DALLAS -- Toyota's expansion of Toyota Racing Development trims across its truck line opens the door for a sporty subbrand that could find its way onto higher-volume products such as the RAV4 and Camry as the automaker chases younger and more affluent buyers.
TRD's U.S. unit, which started as a performance parts distributor in 1979, has been associated with different parts of the business: professional racing, one-off truck trims, Scions with aftermarket springs and louder exhausts.
In the past few years, it has gelled around the truck division, with factory TRD packages for the body-on-frame Tacoma midsize pickup, the full-size Tundra, and the 4Runner and Sequoia SUVs.
But that doesn't mean its sporty DNA has to be limited to trucks.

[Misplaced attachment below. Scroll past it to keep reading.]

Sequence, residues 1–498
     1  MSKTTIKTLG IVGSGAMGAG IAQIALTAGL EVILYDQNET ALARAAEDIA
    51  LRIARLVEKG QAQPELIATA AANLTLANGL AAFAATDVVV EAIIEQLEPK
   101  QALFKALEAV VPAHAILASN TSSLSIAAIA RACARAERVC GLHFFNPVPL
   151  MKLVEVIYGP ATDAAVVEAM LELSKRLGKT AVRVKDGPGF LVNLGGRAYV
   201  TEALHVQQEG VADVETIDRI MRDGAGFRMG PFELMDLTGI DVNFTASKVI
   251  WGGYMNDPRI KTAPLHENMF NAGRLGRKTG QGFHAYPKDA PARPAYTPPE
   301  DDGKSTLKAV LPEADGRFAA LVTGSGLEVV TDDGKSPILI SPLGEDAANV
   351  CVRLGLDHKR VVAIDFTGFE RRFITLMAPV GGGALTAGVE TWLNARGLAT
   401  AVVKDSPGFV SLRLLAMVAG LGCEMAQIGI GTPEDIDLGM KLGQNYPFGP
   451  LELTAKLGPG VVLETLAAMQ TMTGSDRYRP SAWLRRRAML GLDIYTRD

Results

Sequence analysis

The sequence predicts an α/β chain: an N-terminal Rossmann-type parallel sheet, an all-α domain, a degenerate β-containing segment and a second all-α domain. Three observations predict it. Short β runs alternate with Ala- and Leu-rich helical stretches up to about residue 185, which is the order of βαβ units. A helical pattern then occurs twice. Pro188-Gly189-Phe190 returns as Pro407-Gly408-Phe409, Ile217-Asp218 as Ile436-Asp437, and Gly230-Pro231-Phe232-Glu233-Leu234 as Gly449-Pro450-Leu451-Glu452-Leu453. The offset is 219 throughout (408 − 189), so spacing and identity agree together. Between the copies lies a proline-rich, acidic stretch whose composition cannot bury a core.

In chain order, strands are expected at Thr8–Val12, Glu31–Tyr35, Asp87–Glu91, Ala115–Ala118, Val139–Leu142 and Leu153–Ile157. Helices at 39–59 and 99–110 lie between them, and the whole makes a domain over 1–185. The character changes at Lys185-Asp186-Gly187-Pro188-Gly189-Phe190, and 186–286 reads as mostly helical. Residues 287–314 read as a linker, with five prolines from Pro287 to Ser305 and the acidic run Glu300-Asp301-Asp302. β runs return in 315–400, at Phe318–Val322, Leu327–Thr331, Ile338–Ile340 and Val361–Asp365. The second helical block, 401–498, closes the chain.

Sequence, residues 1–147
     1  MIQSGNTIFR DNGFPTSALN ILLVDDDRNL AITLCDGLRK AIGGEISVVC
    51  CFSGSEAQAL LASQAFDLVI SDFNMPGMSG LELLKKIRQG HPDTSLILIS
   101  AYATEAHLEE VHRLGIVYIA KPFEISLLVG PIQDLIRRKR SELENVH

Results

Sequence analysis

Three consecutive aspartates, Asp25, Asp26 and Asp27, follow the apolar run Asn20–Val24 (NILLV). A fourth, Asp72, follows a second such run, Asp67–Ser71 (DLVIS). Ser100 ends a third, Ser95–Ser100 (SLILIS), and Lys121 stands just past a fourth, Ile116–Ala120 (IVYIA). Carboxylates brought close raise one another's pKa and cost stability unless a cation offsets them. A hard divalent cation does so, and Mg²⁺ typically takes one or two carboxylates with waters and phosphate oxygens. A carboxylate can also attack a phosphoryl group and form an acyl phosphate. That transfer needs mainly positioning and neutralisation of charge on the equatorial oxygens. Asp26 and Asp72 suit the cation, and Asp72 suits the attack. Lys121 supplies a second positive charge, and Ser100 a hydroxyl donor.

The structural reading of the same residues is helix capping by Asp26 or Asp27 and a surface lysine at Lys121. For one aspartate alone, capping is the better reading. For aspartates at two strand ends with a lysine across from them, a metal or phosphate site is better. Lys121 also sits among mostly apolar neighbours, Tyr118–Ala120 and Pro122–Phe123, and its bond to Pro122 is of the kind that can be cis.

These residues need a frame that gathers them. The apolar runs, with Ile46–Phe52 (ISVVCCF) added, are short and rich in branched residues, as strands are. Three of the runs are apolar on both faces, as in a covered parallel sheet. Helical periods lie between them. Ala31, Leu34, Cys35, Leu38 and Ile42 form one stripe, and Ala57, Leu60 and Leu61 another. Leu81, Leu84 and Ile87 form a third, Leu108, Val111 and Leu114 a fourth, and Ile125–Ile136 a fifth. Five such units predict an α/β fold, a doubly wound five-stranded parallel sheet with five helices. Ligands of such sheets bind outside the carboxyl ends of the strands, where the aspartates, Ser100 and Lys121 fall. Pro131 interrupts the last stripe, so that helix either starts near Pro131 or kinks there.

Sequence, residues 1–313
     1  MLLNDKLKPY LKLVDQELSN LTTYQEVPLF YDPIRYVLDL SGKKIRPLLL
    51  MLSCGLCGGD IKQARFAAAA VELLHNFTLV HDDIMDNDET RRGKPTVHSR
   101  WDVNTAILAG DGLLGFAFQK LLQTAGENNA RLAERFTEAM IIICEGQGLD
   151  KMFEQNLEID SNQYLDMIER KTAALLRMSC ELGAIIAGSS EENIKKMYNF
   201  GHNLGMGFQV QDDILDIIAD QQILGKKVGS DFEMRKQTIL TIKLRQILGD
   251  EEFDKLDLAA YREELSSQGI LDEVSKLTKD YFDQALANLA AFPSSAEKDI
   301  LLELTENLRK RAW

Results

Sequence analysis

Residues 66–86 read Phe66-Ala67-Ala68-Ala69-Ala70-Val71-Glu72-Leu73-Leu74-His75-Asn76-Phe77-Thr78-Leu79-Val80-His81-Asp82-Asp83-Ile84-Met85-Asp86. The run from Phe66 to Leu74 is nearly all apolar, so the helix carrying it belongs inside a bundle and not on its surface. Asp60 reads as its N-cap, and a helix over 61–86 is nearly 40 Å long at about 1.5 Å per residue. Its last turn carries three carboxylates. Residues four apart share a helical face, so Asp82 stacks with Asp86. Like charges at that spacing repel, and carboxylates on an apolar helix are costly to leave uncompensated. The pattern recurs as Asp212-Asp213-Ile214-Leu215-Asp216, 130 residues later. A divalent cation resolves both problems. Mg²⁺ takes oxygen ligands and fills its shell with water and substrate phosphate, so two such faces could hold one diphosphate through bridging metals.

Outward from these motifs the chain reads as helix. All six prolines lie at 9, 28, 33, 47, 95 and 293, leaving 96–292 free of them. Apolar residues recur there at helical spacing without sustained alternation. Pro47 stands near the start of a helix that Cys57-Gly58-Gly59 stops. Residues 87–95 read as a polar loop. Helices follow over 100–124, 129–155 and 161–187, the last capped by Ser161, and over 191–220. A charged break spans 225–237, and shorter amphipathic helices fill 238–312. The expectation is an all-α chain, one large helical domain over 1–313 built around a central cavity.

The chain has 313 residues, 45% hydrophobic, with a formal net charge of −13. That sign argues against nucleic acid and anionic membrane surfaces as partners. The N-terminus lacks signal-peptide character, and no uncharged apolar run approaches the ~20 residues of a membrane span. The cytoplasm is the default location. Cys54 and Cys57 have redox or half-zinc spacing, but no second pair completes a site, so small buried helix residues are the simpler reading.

"There are some other vehicles that we will consider," Bill Fay, Toyota Division general manager, told Automotive News. "I'm not sure exactly where yet, but we are active in NASCAR, we're racing in the Sprint Cup Series, and we've had a heavy TRD influence on that with our Camry that we race. So there might be the ability to do some of this on the car side."
The upside to the TRD name so far is its appeal to younger, more affluent, better-educated male buyers, who constitute a compelling demographic, Fay said. That's particularly true with the top-shelf TRD Pro off-road trim available on the Tacoma, Tundra and 4Runner.
"If you just look at TRD Pro, it's probably less than 1 percent of our sales, but they represent a significantly larger amount of Internet traffic and vehicle configurations once customers continue to Toyota.com," Fay said.
Potentially, some of that demographic wealth could be shared with the car side, especially now that the youth-oriented Scion division has been discontinued.